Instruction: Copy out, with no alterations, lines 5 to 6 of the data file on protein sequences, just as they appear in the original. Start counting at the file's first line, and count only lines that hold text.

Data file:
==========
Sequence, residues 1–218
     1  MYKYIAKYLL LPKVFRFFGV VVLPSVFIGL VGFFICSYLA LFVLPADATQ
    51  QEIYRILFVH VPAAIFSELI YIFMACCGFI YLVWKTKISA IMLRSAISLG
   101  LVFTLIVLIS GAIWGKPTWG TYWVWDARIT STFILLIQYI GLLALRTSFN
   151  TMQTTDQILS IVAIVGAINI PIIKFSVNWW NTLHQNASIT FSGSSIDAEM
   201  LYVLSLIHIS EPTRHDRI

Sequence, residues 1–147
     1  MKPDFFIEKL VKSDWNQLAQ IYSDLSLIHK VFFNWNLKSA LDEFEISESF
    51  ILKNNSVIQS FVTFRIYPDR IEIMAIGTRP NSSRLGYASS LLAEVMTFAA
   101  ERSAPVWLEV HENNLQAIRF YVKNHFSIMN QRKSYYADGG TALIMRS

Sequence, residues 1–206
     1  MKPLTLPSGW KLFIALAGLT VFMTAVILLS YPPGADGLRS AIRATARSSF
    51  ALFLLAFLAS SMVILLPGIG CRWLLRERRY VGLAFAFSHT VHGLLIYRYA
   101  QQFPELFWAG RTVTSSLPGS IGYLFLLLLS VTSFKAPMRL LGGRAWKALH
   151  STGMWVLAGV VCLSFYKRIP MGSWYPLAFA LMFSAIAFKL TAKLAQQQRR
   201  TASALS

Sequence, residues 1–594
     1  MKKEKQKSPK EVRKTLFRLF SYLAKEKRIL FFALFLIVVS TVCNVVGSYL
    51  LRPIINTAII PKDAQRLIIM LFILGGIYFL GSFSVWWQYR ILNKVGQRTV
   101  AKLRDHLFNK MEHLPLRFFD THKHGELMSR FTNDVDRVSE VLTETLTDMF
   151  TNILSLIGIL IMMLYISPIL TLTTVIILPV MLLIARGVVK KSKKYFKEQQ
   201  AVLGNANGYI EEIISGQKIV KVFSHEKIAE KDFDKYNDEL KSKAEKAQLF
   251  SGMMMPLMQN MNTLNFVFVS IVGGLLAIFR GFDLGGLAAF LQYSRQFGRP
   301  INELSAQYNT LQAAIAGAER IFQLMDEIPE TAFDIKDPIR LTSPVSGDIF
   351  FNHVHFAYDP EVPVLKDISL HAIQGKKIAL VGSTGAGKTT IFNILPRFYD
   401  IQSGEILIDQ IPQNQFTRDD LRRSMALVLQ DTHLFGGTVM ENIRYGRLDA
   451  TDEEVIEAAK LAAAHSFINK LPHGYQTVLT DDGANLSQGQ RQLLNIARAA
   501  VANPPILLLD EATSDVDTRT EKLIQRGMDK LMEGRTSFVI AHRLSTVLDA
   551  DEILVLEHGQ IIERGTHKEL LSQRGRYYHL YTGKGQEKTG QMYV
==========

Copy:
   151  TMQTTDQILS IVAIVGAINI PIIKFSVNWW NTLHQNASIT FSGSSIDAEM
   201  LYVLSLIHIS EPTRHDRI